Responding to the criticism from British businesses, the Government proposed changes to its Company Law Reform Bill in Parliament yesterday. New clauses were presented that, among other things, give directors more protection against lawsuits.
The changes address directors' duties, reporting requirements and derivative claims. They also clarify the position on liability for disclosures under the Companies Act and for implementation of the EU Transparency Obligations Directive. Draft clauses on a proposed regime for liability have been issued today for a short period of public consultation.
Alun Michael, Minister for Industry and the Regions said: "Our aim has always been to encourage meaningful strategic, forward-looking information to assist shareholder engagement while avoiding disproportionate burdens on business, in line with our better regulation agenda."
On directors' duties, yesterday's amendments seek to put beyond doubt that the need to have regard to certain factors (including the interest of the employees and impact on the environment) is subject to the overriding duty to act in the way the director considers, in good faith, would be most likely to promote the success of the company for the benefit of its members as a whole.
The Government also proposed new powers relating to derivative claims including a requirement for the courts to dismiss non-meritorious applications at an early stage.
Summary of changes
On directors' duties, amendments have been introduced to put beyond doubt that the need to have regard to certain factors (including the interest of the employees and impact on the environment) is subject to the overriding duty to act in the way he considers, in good faith would be most likely to promote the success of the company for the benefit of its members as a whole. The list of factors is not an exhaustive list of the matters that may be considered by directors. The phrase "so far as reasonably practicable" in the clause has been deleted in the light of concerns as to what it implied.
The requirements have been streamlined with the requirements for quoted companies being more closely aligned to those for unquoted companies. All companies (other than small) will need to produce a Business Review.
Quoted companies will need to ensure that, to the extent necessary for an understanding of the development, performance or position of the company's business, their Business Review includes:
(a) the main trends and factors likely to affect the future development, performance and position of the company's business; and
(b) information about
(i) environmental matters (including the impact of the company's business on the environment),
(ii) the company's employees, and
(iii) social and community issues,
including information about any policies of the company in relation to those matters and the effectiveness of those policies.
If the Review does not contain information on (i) (ii) or (iii) above, it must state so.
Compared to the earlier Operating and Financial Review (OFR) provisions, the new arrangements are that:
Auditors will continue to be required to report on the consistency of the Directors' Report with the annual accounts (as is required by the Accounts Modernisation Directive) but there will not be any additional requirement to check for other inconsistencies that auditors may come across in performing their role as auditor;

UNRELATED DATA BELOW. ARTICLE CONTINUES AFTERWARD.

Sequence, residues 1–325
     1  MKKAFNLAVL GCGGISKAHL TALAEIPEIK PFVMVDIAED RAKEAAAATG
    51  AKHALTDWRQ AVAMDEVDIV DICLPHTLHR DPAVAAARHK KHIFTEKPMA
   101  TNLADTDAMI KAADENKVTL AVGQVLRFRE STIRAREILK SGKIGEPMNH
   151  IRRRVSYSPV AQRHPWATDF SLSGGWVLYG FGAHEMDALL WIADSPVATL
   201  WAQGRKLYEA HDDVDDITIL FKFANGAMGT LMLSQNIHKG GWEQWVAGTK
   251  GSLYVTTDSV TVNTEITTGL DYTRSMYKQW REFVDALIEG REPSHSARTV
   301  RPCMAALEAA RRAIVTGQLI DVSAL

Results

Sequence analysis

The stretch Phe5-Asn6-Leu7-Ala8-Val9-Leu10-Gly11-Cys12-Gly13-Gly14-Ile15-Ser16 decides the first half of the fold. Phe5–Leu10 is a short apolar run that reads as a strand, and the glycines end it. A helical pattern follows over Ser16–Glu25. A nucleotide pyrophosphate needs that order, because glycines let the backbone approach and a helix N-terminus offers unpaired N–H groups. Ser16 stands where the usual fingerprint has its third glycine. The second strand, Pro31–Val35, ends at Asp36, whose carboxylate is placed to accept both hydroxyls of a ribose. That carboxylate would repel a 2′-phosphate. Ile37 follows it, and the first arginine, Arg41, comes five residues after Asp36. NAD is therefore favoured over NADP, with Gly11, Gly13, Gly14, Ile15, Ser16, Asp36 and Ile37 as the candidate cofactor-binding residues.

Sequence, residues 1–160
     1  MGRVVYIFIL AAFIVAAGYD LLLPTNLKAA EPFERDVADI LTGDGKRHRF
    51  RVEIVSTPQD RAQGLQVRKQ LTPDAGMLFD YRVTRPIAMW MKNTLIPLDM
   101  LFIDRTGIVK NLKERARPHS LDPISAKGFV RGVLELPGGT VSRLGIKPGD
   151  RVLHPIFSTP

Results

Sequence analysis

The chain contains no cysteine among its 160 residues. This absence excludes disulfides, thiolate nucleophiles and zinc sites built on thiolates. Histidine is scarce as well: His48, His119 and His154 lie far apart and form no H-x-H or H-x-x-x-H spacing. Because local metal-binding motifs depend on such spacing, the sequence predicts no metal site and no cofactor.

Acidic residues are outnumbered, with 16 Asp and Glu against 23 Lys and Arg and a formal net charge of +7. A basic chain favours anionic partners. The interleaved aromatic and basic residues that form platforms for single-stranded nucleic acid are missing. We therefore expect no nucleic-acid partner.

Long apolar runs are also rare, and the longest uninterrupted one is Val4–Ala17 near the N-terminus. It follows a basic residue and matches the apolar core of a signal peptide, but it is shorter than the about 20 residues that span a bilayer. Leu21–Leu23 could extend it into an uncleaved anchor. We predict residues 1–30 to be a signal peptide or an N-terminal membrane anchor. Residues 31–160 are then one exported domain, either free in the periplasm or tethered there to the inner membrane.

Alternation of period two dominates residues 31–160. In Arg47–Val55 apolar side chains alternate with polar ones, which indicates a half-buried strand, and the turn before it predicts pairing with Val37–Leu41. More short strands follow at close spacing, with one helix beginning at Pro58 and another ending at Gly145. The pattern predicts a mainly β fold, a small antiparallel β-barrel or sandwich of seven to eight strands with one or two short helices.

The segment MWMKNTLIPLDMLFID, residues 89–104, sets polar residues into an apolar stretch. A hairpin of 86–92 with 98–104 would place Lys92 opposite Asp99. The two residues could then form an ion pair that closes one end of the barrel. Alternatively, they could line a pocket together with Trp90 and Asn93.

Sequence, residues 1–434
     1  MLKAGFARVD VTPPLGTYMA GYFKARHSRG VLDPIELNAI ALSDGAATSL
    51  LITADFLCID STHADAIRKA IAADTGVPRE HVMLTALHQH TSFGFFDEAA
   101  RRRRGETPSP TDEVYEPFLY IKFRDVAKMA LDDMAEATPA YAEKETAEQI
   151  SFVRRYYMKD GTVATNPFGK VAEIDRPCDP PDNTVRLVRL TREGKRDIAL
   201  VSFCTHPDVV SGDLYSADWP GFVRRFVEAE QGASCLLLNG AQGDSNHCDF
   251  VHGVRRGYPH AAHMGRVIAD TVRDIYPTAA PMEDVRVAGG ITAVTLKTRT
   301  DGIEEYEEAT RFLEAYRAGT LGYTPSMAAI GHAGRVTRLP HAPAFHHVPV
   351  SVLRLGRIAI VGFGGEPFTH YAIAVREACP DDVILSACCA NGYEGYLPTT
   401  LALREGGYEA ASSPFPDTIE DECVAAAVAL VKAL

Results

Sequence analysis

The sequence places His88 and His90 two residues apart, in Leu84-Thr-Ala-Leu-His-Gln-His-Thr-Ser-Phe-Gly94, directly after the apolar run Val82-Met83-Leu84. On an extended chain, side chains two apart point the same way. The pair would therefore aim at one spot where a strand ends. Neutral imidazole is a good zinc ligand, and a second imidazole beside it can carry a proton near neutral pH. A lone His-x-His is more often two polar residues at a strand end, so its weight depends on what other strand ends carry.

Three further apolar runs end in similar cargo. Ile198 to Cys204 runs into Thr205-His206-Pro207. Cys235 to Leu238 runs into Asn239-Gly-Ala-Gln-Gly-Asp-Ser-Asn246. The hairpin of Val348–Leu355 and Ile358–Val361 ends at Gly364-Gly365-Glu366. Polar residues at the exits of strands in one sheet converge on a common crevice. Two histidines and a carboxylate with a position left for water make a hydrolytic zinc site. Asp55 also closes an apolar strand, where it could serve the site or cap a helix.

All companies that now have to produce a Business Review will be exempted from disclosing information that is seriously prejudicial to the company's interests. This exemption was previously only provided for companies that had to produce an OFR; and
There will not be any statutory reporting standards for the Business Review.
The Government proposes amendments to the clauses relating to derivative claims (under which a shareholder, acting as the company, may bring an action against a director for breach of duty), in particular, to require the courts to dismiss non-meritorious applications at an early stage.
The new clauses seek to:
introduce a two-stage procedure for permission to continue a derivative claim;
give the courts an explicit power to adjourn the permission application;
require the Court to take into account any evidence before it as to the views of members who have no personal interest, direct or indirect, in the matter; and
provide express power to make consequential orders that could include costs and civil restraint orders.
The new draft clauses on liability will leave in common law that directors remain liable only to the company for statements contained in the annual accounts under the principles laid down in the Caparo case.
For narrative reporting under company law, the clauses specify that:
Directors should only be liable for statements or omissions in the directors' report, directors' remuneration report and any summary financial statement derived from those reports, if such statements are untrue or misleading and are made in bad faith or recklessly;
Directors should also be liable for deliberate and dishonest concealment of material facts;
Directors would be liable only to the company.
For disclosures under Takeover Directive (TOD) implementation, the new clauses specify that:
Issuers, whose securities are traded on a regulated market should be liable for statements disclosed as required under TOD implementation;
Issuers should only be liable if such statements are untrue or misleading at the time, and are made in bad faith or recklessly, or there is deliberate and dishonest concealment of material facts; and
Issuers would be liable to an individual investor or other third party only if he had reasonably relied on the statement for investment purposes, and suffered loss as a result of the statement or omission.
Liability for directors' report statements in non-Company Law Reform Bill contexts, e.g. in prospectuses would not be affected.